Cover-ups, conspiracies and why journalists should sometimes break the law

Peter Wilby's First Thoughts column.

When he set up a committee on smog in 1952, Harold Macmillan, then the local government minister, said: “We cannot do very much, but we can seem to be very busy.” I suspect it is in the same spirit that David Cameron has set up two new inquiries – one of them into an earlier inquiry, which is surely a first of some kind – regarding allegations of abuse at children’s homes in north Wales.

Almost every instance of mass abuse at such homes – in Jersey, Leicestershire and Belfast, as well as north Wales – has been accompanied by claims that prominent public figures were involved as members of “paedophile rings”. None has been substantiated, but details still lurk on the internet. Those named include several former Tory cabinet ministers and one deceased prime minister, though it isn’t always clear whether they are accused of actual abuse or just helping to cover it up. Freemasons, MI5 and Downing Street “strong rooms”, said to hold the only copies of incriminating documents, put in frequent appearances. Several “mystery deaths”, including that of Stephen Milligan, a Tory MP who expired in 1994 while apparently engaged in erotic acts with an electric cord and an orange, are connected to the scandals. As for the late Sir Ronald Waterhouse, who led the north Wales inquiry, his failure to expose the truth is easily explained: he was “a Masonic paedophile judge”.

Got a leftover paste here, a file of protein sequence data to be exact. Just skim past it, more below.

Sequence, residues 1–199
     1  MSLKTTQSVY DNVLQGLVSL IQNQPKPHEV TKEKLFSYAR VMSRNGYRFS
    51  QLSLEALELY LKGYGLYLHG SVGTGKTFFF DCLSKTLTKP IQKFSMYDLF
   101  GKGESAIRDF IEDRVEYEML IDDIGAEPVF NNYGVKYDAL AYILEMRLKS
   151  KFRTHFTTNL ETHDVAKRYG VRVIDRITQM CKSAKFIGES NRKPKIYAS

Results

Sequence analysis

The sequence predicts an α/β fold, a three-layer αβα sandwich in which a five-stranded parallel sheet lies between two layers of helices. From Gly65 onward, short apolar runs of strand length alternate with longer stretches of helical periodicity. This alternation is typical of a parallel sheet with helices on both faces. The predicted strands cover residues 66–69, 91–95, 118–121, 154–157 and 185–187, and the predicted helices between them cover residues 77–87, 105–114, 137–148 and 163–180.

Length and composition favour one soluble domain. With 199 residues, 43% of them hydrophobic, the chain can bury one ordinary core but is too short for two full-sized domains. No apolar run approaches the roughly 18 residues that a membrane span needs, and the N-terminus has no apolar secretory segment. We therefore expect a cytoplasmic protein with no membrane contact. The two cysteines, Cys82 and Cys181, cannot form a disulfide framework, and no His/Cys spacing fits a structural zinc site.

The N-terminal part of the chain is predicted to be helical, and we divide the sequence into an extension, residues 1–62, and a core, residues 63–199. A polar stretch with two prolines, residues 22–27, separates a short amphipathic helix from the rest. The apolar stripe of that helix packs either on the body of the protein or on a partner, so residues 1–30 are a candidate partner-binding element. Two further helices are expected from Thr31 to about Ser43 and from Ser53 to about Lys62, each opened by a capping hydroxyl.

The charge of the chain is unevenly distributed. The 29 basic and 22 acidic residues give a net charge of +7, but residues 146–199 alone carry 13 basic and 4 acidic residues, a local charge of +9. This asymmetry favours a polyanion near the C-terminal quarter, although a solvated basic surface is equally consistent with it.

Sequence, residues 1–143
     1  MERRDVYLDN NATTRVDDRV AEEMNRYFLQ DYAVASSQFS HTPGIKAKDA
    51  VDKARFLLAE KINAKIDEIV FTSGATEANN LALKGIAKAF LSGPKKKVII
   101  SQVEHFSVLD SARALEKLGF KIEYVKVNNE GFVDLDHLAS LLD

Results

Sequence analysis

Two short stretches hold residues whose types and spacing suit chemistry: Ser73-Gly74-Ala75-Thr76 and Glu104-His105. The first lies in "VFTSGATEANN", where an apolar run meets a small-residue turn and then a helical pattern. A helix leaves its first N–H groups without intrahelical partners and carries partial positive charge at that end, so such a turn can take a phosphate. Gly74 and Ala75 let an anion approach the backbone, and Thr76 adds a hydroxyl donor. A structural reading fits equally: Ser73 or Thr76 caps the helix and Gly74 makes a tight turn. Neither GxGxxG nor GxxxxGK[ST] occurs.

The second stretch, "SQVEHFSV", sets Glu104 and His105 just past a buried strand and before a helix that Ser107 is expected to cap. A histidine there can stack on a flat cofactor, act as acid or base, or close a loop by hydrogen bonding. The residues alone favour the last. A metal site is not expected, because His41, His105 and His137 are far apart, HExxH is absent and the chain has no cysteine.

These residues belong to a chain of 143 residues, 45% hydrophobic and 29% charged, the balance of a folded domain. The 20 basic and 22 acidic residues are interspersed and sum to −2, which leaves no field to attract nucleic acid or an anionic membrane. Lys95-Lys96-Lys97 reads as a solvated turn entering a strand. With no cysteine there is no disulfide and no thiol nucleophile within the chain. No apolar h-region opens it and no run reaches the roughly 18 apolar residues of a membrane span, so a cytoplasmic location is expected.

While some are convinced the north Wales scandal went much wider (and higher) than we were told, others are equally convinced of the opposite: the late Richard Webster, an occasional NS contributor, published a 700-page book arguing that several men were wrongly convicted. I was on the receiving end of two expensive libel writs, one from each side in the argument (probably a unique distinction), so I shall say no more. Conspiracy theories usually turn out to be wrong. But conspiracies sometimes happen, as Cameron no doubt reflected when he announced his inquiries on 5 November.

It’s all Gover

Nobody seems to have noticed, but the whole basis of Michael Gove’s education policies has been undermined. Andrew Dilnot, chair of the UK Statistics authority, has written to the Department for Education pointing out that claims of a decline in English children’s international test results since 2000 are not “robust”, which is statistician-speak for “complete nonsense”. Given that Gove quotes those results to justify everything he does, will he now drop his plans to introduce “free schools”, abolish GCSEs and bring back the curriculum of 50 years ago? Or, better still, resign in shame at misleading the public?

Dead wood

Our political leaders present globalisation as a win-win. The threat to British trees illustrates its downsides. Britain is hardly short of trees. If we want log fires, wooden structures or new trees, we have enough wood and seeds of our own. But globalisation requires that, if wood is cheaper abroad or we are short of acorns this year, we must import. This is apparently dictated not just by commercial imperatives but by international trade agreements. So whole forests will now be wrecked by imported pests to which they have no resistance. My science education stopped at O-level, but this looks to me like simple biology. Why do politicians persist in ignoring straightforward science?

The unprofessional